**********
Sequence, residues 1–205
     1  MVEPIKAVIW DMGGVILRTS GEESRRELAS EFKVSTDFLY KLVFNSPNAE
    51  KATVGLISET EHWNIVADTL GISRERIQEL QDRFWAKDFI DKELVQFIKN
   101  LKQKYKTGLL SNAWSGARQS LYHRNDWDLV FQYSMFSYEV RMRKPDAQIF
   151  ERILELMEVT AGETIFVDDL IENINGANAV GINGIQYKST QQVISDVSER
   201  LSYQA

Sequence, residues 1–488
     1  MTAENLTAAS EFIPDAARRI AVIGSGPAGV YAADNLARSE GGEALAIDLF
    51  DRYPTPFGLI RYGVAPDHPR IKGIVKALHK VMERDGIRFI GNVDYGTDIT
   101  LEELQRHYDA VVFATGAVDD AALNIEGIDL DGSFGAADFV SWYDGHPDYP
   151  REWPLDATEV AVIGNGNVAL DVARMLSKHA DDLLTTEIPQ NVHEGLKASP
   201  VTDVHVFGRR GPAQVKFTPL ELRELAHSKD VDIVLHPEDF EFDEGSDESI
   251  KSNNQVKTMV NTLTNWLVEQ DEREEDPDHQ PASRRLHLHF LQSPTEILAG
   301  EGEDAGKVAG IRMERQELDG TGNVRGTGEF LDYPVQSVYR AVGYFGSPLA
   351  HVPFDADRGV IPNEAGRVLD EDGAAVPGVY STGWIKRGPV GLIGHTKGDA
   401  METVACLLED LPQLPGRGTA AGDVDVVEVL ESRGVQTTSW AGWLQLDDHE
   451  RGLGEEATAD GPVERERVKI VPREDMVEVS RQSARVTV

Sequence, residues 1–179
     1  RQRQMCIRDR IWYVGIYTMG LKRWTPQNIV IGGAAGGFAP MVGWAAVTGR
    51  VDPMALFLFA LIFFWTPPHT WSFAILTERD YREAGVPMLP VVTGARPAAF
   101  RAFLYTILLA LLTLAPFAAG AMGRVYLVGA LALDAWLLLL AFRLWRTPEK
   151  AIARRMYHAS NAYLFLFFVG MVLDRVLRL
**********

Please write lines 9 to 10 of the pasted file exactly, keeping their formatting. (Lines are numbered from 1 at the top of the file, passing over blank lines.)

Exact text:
    51  DRYPTPFGLI RYGVAPDHPR IKGIVKALHK VMERDGIRFI GNVDYGTDIT
   101  LEELQRHYDA VVFATGAVDD AALNIEGIDL DGSFGAADFV SWYDGHPDYP